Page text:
"Is Michiko Kakutani incompetent or just crazy?" Shall we start with that question? Don't blame me. It's what Google autocomplete gave me when I typed "Michiko Kakutani is." I'm just reporting what the Internet says about her!

It seems like a useful way to look at the New York Times book critic in the light of this morning's review of Emily Gould's new novel, Friendship. Or rather, this morning's review of Emily Gould. Before Kakutani gets around to mentioning the book, she offers three paragraphs of negative backstory about its author—up to and including online comments attached to Gould's "very irritating" (in Kakutani's assessment) 2008 New York Times Magazine cover story. Did you know that a commenter back then called her a "trollop"? Now you do.

Quite a literary world, where your angriest critics precede and introduce you, isn't it? In the print edition, Kakutani was so busy sharing years-old third-party invective, she barely managed to fit the title of the novel she was reviewing before the jump. Of course, we must remember that some people have considered Kakutani "the stupidest person in New York City" or "stupid and shallow" or "glaringly missing...humor and wit."

We are all caught up in the battles of yesteryear. Emily Gould's original source of fame or notoriety or publicity was that she wrote for Gawker. She then abruptly quit Gawker and repudiated her work here, in a well-crafted and definitive Gawker post. Some institutional and interpersonal unpleasantness ensued, and then the institutions and persons moved on, separate but still irrevocably linked.

As for me, I like Gould, personally. We have mutual friends, with whom we are much closer than we are with one another. We sometimes go to the same social gatherings and converse there. Once in a while we swap emails.

With that established: Kakutani's review is a particularly nasty bit of assholeism. The novel itself doesn't particularly bother her—"awkward but sharply observed" would be the capsule—but she compulsively looks for ways to swat at the author, even if it means stretching her backhand into the hypothetical:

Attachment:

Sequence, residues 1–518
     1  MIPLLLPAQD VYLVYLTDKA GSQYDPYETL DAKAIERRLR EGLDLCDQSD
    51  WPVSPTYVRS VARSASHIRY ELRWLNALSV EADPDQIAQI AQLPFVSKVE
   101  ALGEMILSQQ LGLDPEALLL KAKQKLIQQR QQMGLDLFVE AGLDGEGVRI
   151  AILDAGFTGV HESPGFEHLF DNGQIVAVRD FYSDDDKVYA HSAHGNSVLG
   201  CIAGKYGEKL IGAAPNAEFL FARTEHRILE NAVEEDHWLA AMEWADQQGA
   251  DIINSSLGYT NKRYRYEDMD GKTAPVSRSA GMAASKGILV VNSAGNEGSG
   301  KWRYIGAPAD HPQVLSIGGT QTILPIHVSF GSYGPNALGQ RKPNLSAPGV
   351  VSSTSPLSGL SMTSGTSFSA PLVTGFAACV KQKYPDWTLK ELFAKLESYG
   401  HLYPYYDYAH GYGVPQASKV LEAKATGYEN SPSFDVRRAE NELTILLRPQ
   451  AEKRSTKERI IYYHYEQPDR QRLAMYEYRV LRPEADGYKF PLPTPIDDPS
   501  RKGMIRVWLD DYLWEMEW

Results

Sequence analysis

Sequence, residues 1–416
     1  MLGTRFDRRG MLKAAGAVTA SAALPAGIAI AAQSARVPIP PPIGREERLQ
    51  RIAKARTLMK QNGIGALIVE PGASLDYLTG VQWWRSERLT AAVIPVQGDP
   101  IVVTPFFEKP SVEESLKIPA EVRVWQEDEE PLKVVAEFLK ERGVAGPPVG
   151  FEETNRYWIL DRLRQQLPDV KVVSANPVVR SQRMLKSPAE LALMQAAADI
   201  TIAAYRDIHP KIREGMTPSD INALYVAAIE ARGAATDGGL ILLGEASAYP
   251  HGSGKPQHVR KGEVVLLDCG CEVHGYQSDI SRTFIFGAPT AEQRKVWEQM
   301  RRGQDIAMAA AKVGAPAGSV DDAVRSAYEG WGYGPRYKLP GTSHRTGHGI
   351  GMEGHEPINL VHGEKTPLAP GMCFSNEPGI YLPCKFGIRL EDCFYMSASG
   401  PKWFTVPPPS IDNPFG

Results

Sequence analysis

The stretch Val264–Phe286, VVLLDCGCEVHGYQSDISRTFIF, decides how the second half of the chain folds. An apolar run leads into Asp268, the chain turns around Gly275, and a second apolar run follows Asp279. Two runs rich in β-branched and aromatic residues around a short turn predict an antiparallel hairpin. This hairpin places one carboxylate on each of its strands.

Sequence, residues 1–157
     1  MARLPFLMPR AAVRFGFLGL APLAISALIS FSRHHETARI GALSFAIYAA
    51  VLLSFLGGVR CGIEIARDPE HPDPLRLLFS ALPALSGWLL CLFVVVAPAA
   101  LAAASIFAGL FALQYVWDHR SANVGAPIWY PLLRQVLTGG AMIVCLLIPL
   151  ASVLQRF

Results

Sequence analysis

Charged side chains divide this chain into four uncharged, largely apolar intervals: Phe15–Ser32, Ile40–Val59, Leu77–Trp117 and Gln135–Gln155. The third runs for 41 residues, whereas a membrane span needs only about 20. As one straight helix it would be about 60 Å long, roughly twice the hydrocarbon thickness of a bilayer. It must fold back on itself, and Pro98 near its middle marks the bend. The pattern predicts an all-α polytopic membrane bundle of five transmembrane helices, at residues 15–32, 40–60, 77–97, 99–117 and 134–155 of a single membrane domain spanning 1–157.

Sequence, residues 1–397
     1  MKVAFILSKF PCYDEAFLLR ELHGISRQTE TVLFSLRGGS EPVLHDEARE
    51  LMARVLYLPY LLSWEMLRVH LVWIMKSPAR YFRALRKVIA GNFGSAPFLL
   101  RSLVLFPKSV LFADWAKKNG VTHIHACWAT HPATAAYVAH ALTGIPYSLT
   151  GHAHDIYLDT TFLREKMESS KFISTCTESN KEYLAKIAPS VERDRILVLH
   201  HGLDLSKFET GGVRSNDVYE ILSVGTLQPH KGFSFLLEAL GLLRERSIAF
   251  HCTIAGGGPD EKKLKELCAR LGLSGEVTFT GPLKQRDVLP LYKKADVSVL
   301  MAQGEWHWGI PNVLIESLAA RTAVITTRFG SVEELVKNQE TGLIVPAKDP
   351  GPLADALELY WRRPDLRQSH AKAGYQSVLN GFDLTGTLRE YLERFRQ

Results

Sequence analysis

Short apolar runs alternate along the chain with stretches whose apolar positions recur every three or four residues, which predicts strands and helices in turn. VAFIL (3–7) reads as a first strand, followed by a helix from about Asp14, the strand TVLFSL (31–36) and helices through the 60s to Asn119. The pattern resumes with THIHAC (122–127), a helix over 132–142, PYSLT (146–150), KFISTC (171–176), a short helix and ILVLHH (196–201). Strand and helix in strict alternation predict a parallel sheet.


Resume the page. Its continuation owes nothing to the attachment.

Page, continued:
The novel form (or perhaps the editing process) also accentuates Ms. Gould's strengths as a writer, while playing down the liabilities apparent in her logorrheic blogs.

Yes, perhaps the virtues of Gould's writing aren't really hers, but were added by a third party. Perhaps Kakutani and her own editor were too drunk on Chardonnay at deadline to think about whether such speculation was fair or justified. Perhaps!

Even so, it's not the worst, or most unbecoming, response to Gould's novel. That (so far) has belonged to a literary blogger, who wrote an 11,000-word denunciation of Gould and everything he believed she represented—in unhinged personal and anatomical terms—and then threatened, falsely, to kill himself when people pointed out he was being a misogynist loon. Another day at the office.

In response to that blogger's breakdown, the critic Glenn Kenny* wrote to apologize for his own foaming hostility toward Gould in the past:

When you're a drunk, and have some facility for words, and things aren't going so great for you, you can read something and infer that the writer's situation is better than your own, and it can throw you into a frothing bloody rage. You think, "Why is the world paying attention to this NOBODY?" or "why is this NOBODY making more money than I am?" and "why isn't this NOBODY beset with paralyzing depression and fear like he or she deserves to be instead of me?" and so on, and then because you fancy yourself a critic or a perspicacious observer of the cultural scene, you mold these resentments into a theory that there is something VERY WRONG with the culture and that the person you hate is the one responsible for that thing being very wrong.

Some things are genuinely worth getting angry and being nasty about. But this particular cycle of publicity and outrage and abuse surrounding Gould and her novel seems especially misplaced, if also inevitable. Yes, she has been profiled in Elle, and in the Styles section of the Times. And even as those profiles appeared, it was obvious that there would be a terrible response (though the depths of that terribleness were still a surprise).

It comes down to the fallacy that Kenny was pointing to: this sense that Emily Gould is somehow stealing attention that would better serve someone else. She isn't, and it wouldn't. She has written a novel, and like all the rest of us who have written books, she faces the usual long odds. A profile in Elle is not going make her a best seller. A profile in the Times is not going to make her a best seller either. (Ask Jon-Jon Goulian.)

An author does publicity because an author is expected to do publicity, to get whatever opportunities she or he can. Someone has given you some money—an advance on sales—and this is where you hustle for it, without the luxury of shame or shyness. Ten times out of ten, it is likely to make very little difference.

So there is no need to take (or give) offense, or to throw up flaming barricades to keep Gould from using her name recognition to overtake Janet Evanovich. If the book is lucky enough to find a larger audience, it will almost certainly not be an audience that cares about infighting in literature or on blogs. Among Kakutani's digs at Gould is that the book has "chick-lit architecture"—which means, at bottom, that Michiko Kakutani too feels powerless to do anything about it.

[Image by Jim Cooke]